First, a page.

Gardening tips: Keep weeds under control this spring – things to do in your garden now

Monty Don on gardening when 'life gets overwhelming'

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Weeds should be controlled whenever they are troublesome, and that is usually in the spring and summer months, starting from April. It is possible to remove weeds from your garden through methods other than chemical weedkillers, which are often cheaper and more environmentally friendly.

The Royal Horticultural Society (RHS) has shared its advice on how to keep weeds under control in your garden this spring.

The organisation states that removing weeds is one of the most essential tasks to do in your garden in April.

There are many different types of weeds that grow in gardens and they can cause damage to plants as they compete with them for space.

If left alone, weeds can grow everywhere and attach themselves to the roots of plants, draining them of their nutrients and leaving them open for disease and infestation.

One popular way of removing weeds is to do so manually.

The RHS recommended running a hoe over a bed or between rows to kill weed seedlings.

For maximum effect, choose a dry day with a light wind, so that the seedlings will dry out on the surface of the bed rather than re-rooting inti moist soil.

You can also pull up weeds by hand before they start to seed, or you could use a fork if you don’t want to use your hands.

The RHS said that hand weeding should only be attempted where it will not disturb the roots of plants.

A weed knife is another useful tool to use to take out weeds as it as a hooked end and is handy for weeding between paving slabs.

Or, you can scorch off weeds between paving slabs and on driveways by blasting them with a flame gun.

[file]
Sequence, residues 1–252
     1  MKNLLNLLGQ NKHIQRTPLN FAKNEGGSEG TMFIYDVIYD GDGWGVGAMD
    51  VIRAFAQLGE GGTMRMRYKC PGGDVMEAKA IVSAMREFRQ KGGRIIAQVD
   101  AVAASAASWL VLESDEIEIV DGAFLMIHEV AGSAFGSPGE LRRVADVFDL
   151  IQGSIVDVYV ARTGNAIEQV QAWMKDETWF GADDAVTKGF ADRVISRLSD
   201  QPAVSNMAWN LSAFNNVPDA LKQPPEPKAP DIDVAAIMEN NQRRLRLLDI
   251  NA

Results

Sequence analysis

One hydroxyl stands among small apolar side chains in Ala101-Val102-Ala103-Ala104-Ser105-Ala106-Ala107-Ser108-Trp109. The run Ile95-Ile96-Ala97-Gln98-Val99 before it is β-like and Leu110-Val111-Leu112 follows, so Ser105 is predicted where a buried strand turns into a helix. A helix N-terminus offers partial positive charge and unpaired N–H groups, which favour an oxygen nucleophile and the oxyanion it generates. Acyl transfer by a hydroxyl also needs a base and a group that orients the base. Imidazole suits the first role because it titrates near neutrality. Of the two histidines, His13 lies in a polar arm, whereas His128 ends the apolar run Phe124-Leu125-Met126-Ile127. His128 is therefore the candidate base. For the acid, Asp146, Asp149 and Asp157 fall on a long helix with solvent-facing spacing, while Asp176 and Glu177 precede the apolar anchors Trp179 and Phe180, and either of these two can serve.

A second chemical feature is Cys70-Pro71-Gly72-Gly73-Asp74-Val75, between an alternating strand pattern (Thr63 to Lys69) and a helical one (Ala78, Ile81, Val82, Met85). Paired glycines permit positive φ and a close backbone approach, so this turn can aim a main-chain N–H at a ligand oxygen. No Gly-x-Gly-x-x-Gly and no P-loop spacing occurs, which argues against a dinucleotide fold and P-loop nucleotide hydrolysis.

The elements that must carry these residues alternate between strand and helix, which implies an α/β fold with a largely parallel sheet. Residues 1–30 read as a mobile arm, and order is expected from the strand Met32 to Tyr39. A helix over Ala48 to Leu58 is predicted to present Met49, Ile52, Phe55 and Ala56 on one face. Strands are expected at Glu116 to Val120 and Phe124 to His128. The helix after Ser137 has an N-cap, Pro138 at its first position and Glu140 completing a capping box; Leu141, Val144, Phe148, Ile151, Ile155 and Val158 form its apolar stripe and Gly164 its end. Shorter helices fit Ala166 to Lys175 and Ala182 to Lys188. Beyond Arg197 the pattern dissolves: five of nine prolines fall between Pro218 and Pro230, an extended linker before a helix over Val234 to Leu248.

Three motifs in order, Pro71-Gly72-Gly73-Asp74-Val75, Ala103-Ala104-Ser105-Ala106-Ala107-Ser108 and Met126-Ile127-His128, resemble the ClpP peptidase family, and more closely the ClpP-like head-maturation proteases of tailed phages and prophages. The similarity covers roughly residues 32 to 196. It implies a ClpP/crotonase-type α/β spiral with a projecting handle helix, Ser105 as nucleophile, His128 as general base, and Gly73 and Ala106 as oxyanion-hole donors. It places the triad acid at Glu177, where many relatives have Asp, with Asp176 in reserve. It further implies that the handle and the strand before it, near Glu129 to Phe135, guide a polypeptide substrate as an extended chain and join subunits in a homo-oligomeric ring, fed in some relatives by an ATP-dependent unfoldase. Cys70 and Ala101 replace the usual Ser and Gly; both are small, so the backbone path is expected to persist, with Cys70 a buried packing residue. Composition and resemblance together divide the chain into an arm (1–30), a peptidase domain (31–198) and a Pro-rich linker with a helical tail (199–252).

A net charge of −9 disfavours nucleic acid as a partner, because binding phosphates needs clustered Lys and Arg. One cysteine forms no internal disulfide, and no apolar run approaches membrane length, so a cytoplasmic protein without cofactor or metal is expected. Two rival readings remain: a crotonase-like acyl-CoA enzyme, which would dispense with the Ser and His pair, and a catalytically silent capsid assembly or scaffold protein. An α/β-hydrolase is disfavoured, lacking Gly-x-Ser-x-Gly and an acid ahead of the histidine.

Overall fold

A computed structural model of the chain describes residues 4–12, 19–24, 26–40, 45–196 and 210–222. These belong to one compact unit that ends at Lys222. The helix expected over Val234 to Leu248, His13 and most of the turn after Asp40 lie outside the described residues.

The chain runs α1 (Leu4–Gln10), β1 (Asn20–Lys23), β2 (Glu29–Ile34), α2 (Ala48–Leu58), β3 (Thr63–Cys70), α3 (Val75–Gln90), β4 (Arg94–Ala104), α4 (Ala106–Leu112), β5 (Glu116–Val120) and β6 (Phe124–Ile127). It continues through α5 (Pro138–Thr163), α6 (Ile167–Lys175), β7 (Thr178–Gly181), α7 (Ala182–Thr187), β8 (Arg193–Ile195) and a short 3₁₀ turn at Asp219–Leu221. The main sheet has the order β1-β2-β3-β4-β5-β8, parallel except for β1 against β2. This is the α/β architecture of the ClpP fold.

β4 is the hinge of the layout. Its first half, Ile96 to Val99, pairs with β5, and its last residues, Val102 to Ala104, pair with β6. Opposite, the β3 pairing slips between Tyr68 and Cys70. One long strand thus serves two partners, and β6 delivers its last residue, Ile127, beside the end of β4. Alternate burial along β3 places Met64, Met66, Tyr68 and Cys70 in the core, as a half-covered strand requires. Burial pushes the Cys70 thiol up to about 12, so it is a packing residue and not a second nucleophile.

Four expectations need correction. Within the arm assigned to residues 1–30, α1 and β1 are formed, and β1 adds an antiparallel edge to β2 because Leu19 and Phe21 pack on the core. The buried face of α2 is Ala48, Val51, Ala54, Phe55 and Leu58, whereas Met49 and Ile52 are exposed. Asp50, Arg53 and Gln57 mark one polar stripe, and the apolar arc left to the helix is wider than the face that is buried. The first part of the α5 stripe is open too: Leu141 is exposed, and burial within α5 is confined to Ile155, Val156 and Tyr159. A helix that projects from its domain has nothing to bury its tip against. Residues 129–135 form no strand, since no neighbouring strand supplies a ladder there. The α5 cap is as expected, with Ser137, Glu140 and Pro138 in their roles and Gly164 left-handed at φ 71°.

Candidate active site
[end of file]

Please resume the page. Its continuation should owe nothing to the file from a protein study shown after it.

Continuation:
In large weedy areas, cutting the weeds with a strimmer can be a good idea.

Using weed barriers and weed-suppressant fabrics are other ways to control the weeds in your garden.

Insert root barriers into the soil to stop the spread of perennial weeds going into neighbouring areas or gardens.

These barriers can also be used to restrict invasive plants such as bamboos, suckering trees, shrubs, and raspberries.

Some barriers can be made using corrugated iron sheets, or you can use a tough fabric such as Rootbarrier, which is available to buy from landscaping suppliers, like Green Tech.

Alternatively, using bark or weed chip to smother weeds around plants can also work.

To be effective, keep the wood chip topped up to a minimum depth of 10 to 15cm to smother annual weeds.

Weed-suppressant fabrics, on the other hand, are made of either plastic fibres, woven plastic strands, or plastic sheeting.

You can use these materials to lay over recently cleared soil to suppress the regrowth of old weeds and prevent new weeds from growing.

The RHS emphasised: “Repeated control measures are likely to be necessary – this is not a one-off garden task.”

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